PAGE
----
Tomorrow we have a ten-hour day so early to bed is the cry. We sleep on the ground tonight –no beds – much to Hamisi’s disgust. He says the tent with all the bags of food for the porters and our stores looks more like a duka (shop or stall) than a bwana’s tent! He is also convinced that there must be money on the top of the mountain –nothing else could induce us to be so mad as to climb it. No climbing for the love of climbing in Hamisi’s category (sic).
Johannes Hut July 7th. Left Old Moshi at 7.45 and arrived here at 2.40 p.m.; our guide was surprised we came so quickly and so was I! The way was neither so steep not so rough as anticipated.
For the first hour the path led through cultivated ground and we passed the Lutheran mission set in a lovely position over-looking the plains. The natives seem to have a good idea of cultivation, and one was surprised to see furrows of water being utilised for irrigation – what was more surprising these furrows were neatly bridged. The shambas (fields) are neatly fenced either with aloes or strong looking reeds. Bananas predominate amongst the crops, though there were large patches of maize and smaller patches of beans.
An hour’s walk from the last dwelling place brought us to the forest. The intervening vegetation consisted of short grass, bracken, brambles and low bushes, with maidenhair ferns growing on the banks of the furrow, which we followed for four hours. The forest trees were mostly unknown to us, but we saw some familiar flowers; two kinds of dead nettle, a giant stinging nettle and close beside it our old friend the docken (sic). Giant maidenhair and ferns of all sorts grow in profusion. Higher up we came across tiny dog violets. The trees are mostly large and are so covered with creepers, moss, lichen, ferns and orchids that one wonders how they manage to live thus burdened. Ground orchids there were too, and a flower like a disa. ( Disa uniflora – the emblem of the MCSA. My mother’s passion for flowers is clearly portrayed.)
The mist was thick all the way up, and after a while the constant dripping of water everywhere became a very melancholy sound, especially after we left the cheerful babble of the furrow. The path was the merest track, and we were glad of our guide, as in many places the track was lost in undergrowth and the way had to be cut through.
Thirty year later, I was climbing next-door Mount Meru, which towers over Arusha. With two anthropologist colleagues we had set out without porters or guides. At sixteen thousand feet it is much lower than Kilmanjaro, but is never the less a respectable slog! One climbs up through the same belts of vegetation and so there came a time for us to move through the forest. We became hopelessly lost, and only by working on the assumption that anyway up was better than going round in circles pushed on through the trees, visibility being never more than a few yards. My mother’s observation about the benefit of a guide was more apt than she perhaps realised!
As we sweated and toiled though this jungle, I became aware of a presence, though my companions, both recent imports, one from Britain and the other from Canada, were not troubled by this sense of something being around us. Presently, however, I heard the unmistakeable rumble of an elephant’s stomach as he communicated some sort of message to his herd mates –presumably something like “make ready to stonk these puny human intruders who may be trying to shoot us.” I froze! As I was in the lead my companions responded to the hunters’ signal of hand outstretched behind, palm open like a policeman on point duty.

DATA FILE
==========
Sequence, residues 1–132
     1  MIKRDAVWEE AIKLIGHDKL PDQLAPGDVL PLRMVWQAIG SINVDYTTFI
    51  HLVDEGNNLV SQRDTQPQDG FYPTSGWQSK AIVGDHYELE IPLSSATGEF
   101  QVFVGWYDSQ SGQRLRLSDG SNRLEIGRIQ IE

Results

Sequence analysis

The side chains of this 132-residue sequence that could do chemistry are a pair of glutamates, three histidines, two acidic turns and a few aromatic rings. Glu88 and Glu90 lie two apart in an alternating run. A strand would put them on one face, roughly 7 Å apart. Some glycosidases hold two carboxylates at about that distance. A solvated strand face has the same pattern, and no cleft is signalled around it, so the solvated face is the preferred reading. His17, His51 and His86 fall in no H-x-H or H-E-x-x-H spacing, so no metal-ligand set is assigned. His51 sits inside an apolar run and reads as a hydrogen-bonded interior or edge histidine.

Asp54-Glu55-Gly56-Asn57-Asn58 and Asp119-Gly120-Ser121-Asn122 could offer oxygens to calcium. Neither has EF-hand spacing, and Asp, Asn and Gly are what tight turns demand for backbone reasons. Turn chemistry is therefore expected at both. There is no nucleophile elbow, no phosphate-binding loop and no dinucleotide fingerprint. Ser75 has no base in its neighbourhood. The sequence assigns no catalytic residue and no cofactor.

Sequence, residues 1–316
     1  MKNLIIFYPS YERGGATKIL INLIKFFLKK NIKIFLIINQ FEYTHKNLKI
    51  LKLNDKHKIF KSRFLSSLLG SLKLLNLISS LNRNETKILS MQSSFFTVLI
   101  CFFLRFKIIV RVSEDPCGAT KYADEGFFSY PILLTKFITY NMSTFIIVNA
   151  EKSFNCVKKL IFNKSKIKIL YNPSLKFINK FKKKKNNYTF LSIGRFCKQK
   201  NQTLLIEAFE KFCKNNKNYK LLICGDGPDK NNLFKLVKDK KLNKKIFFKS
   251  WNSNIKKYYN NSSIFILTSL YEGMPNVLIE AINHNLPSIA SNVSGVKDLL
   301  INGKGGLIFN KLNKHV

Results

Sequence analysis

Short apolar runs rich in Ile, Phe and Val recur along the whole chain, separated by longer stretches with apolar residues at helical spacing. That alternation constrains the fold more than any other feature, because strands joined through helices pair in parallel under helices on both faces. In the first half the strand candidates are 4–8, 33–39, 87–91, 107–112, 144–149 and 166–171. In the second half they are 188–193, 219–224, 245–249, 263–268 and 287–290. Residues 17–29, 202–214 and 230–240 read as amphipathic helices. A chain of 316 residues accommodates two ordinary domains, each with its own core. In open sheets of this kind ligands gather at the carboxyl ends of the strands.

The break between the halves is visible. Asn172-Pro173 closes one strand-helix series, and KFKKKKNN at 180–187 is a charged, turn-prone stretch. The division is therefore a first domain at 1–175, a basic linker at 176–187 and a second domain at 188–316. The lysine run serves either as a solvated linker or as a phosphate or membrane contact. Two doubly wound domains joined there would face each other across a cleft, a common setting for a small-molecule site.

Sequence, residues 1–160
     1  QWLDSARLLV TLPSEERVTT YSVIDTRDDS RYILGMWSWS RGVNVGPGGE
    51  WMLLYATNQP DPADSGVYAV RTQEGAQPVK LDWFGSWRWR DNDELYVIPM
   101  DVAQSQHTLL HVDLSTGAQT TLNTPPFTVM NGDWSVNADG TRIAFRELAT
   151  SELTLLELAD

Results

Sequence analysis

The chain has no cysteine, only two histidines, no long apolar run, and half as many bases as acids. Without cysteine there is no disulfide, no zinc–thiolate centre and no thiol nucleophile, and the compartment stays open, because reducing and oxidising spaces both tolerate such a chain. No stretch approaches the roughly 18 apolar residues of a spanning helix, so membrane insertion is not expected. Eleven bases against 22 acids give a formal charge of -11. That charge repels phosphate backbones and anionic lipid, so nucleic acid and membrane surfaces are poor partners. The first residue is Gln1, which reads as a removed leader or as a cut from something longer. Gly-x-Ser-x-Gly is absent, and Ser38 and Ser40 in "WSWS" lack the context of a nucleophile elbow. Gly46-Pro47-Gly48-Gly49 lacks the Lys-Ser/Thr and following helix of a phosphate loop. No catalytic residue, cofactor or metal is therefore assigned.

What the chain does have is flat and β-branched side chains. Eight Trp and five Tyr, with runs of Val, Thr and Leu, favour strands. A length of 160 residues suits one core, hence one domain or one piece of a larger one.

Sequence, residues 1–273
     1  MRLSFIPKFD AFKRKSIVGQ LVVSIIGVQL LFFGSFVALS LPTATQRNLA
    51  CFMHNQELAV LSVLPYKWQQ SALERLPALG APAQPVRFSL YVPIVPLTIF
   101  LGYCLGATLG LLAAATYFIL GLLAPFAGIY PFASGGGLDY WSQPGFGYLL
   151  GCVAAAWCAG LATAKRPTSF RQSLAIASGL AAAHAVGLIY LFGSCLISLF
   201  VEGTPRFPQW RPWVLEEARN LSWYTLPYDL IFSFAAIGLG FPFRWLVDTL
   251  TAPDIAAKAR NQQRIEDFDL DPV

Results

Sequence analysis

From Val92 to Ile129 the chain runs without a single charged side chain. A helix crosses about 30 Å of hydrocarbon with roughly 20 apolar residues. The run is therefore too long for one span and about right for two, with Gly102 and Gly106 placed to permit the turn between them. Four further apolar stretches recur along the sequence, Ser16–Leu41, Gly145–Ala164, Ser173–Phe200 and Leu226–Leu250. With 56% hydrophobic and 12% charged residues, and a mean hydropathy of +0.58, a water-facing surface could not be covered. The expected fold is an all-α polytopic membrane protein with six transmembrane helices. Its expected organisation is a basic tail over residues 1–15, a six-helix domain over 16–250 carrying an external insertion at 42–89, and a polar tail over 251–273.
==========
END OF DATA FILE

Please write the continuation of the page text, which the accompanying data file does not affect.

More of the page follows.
“What is it?” they whispered, for apprehension is a catching disease.
Without further discussion, my portly Canadian colleague swung his pack off his shoulders and scrambled to climb a sapling beside which he had been standing. It bent under his weight so that he was presently clinging to it like an orang-utan, his back a few inches from the ground, whence the trunk had bent bowlike under his not inconsiderable bulk. After some minutes suspended in this fashion he let go and fell with a thud to the ground. The elephants had by this time moved off. We never saw them, for these huge animals can move silently and with almost perfect concealment through forest and savannah. We asked our Canadian friend what he hoped to have gained by his experiment with the tree, the result of which had done nothing but demonstrate the validity of Newton’s Second Law.
“In Canadian forests it’s bears - and we climb trees if we can to get away from the bastards. I acted on impulse,” he explained weakly.
“Canadian Capers!” was the muttered response from Phil Gulliver, the tall bearded Englishman who was a good few years our senior.
Back to the diary:
“After we left the forest we came to the giant heaths. These plants presented a very ghostly appearance in the mist, as they are covered with long grey lichen. The giant heath persists for a long while but near this hut the ground is like open moor-land with clumps of heath here and there. We found some sedges here and the rose coloured ‘everlasting’, known as Kilimanjaro Rose.
The mist persisted all day and at no time could we see for any distance, which was disappointing. Now it is raining steadily and we are glad to be under a roof. The porters are still settling down for the night by their fires. The atmosphere is a bit thick but one suffers smoke gladly provided one is warm and dry.